The present invention addresses the shortcomings of the related art described above. The present invention provides an apparatus and method for controlling the pressure of a pressurized well bore fluid sample collected downhole in an earth boring or well bore. The apparatus comprises a housing having a hollow interior. A compound piston within the housing interior defines a fluid sample chamber wherein the piston is moveable within the housing interior to selectively change the fluid sample chamber volume. The compound piston comprises an outer sleeve and an inner sleeve moveable relative to the outer sleeve. An external pump extracts formation fluid for delivery under pressure into the fluid sample chamber. A positioned opened valve permits pressurized gas to exert pressure on said piston for pressurizing the fluid sample within the fluid sample chamber so that the fluid sample remains pressurized when the fluid sample is moved to the well surface.
 The present invention provides a method and apparatus for further increasing the pressure of a gas cushion in a down single-phase tank without requiring personnel to use pressures higher than 4000 psi at the surface which could be dangerous when initially charging the tank. Higher gas cushion pressures increase the chances of collection a single-phase sample in high-pressure reservoirs which exacerbate the problem with high-shrinkage crude oils.
 With a single-phase tank, crude oil is pumped against the gas cushion downhole until it is sufficiently over-pressured, thousands of psi above formation pressure so that it will remain above formation pressure even after the tank has cooled and the crude oil has shrunk because it is back at the surface. By keeping the tank over pressured at all times, the sample stays in a single-phase state and prevent asphaltenes from precipitating out or gas bubbles from forming.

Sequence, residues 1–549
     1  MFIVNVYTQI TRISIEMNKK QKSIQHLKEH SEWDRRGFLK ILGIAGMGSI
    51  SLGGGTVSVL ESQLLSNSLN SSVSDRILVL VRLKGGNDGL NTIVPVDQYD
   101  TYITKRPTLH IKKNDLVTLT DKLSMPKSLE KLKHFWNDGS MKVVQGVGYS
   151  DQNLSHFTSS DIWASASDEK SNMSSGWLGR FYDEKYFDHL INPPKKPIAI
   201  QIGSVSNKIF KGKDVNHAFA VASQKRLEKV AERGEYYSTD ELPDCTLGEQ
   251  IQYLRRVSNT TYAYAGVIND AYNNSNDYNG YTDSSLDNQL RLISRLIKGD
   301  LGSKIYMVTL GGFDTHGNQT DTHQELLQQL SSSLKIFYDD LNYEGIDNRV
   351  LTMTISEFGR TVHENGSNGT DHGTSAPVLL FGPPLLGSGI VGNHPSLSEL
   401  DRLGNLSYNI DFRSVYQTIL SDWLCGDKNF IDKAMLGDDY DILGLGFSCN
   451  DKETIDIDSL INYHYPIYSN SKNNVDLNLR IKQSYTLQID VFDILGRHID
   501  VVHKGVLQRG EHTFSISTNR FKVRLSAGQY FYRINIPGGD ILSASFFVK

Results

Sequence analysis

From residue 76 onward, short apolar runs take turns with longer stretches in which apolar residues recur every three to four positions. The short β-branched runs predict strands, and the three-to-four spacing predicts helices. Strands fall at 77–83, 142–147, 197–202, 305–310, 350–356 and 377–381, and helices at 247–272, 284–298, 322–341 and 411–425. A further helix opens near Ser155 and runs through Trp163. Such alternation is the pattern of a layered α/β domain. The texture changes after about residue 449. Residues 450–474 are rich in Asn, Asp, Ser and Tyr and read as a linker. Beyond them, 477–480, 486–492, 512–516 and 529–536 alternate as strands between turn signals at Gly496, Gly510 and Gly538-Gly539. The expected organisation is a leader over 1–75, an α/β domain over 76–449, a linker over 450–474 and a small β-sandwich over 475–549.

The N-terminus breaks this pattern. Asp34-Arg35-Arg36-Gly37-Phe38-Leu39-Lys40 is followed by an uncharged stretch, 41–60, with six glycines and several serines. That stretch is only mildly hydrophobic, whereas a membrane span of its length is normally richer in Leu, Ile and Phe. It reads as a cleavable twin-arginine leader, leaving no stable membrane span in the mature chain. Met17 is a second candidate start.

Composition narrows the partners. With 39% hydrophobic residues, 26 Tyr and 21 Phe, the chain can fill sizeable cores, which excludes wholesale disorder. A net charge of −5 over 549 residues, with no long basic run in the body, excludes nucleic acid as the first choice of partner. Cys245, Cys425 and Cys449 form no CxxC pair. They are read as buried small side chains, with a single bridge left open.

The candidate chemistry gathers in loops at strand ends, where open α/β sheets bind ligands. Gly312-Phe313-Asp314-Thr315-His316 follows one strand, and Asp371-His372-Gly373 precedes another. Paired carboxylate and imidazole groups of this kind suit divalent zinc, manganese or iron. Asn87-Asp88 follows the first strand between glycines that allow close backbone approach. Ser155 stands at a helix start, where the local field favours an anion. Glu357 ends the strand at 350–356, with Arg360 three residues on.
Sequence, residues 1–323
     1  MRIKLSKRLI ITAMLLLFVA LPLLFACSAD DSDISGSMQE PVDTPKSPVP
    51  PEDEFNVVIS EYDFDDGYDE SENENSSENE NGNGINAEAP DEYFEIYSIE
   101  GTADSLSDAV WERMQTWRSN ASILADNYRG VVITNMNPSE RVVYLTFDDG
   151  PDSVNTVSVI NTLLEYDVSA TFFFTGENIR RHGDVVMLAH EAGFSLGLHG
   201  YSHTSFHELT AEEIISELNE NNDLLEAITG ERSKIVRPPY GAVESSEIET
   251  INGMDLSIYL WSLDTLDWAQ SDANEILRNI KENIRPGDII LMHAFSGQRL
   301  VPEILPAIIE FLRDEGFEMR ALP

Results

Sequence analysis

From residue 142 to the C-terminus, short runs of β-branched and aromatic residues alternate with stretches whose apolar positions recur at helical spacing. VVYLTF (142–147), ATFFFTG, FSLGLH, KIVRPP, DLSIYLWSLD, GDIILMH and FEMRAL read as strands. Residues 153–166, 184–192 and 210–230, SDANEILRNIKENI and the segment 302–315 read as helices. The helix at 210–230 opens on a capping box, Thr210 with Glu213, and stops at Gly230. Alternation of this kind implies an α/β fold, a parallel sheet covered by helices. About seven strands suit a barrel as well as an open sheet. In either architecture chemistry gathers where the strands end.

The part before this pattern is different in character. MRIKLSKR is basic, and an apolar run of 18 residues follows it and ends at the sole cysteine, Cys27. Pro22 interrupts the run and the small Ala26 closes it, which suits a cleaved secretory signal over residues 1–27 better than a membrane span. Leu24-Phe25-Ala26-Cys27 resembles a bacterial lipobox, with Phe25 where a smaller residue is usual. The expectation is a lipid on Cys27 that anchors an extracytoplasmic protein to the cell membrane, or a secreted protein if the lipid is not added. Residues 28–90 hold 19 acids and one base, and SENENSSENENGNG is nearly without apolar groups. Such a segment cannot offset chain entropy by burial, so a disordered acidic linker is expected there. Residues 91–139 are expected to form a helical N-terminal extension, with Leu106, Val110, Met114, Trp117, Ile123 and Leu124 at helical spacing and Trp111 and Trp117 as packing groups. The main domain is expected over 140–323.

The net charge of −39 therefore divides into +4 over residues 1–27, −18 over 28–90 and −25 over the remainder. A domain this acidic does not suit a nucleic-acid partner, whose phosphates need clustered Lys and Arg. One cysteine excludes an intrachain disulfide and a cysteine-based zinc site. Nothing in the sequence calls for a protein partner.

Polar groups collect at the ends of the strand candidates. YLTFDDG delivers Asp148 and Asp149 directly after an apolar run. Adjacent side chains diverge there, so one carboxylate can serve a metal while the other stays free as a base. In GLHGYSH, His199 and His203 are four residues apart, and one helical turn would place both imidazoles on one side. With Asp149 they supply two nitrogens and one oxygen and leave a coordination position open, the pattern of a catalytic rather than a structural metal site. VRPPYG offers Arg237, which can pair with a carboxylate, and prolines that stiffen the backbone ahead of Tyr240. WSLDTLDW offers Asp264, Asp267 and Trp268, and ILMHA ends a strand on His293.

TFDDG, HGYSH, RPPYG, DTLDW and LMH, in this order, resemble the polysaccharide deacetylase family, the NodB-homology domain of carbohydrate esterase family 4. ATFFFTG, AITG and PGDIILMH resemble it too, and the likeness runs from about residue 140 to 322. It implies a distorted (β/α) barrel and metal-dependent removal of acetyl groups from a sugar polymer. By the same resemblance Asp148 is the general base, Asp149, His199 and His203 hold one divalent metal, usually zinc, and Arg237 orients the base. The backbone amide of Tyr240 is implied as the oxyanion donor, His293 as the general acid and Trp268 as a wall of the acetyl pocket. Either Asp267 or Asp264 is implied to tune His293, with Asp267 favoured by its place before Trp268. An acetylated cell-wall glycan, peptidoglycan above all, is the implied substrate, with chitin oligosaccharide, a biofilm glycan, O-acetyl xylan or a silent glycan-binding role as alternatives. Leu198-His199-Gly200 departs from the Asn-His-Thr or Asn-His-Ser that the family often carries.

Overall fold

In the present invention, tank contains both Zeolite and a hydrate in a gas chamber formed beneath a piston in the sample tank. The gas chamber is pressurized with 4000 psi of nitrogen at room temperature at the surface. Once this tank is heated hot enough to release the hydrate's water of hydration, the pressure in the gas volume will rise dramatically. The hotter the Zeolite becomes, the more sorbed nitrogen it will release. It is the released gaseous nitrogen, not the nitrogen which remains sorbed that increases the pressure in the sample tank beneath the piston. Even at 175 C, however, Zeolite still strongly sorbs water. Whenever water is sorbed on a Zeolite sorption site, it blocks any released nitrogen from resorbing at that site. Also, water will not desorb until the Zeolite temperature is elevated to around 220-250 C. The process of lowering the tank downhole provides the necessary heating to make this process occur. Thus, when returned to the surface at room temperature at the original volume, the tank's pressure will not fall back to 4000 psi but will be at a substantially higher pressure such as 6000 psi or more depending on the amount of Zeolite used and gaseous nitrogen gas released.
 For detailed understanding of the present invention, references should be made to the following detailed description of the preferred embodiment, taken in conjunction with the accompanying drawings, in which like elements have been given like numerals, wherein:
FIG. 1 is a schematic earth section illustrating the invention operating environment;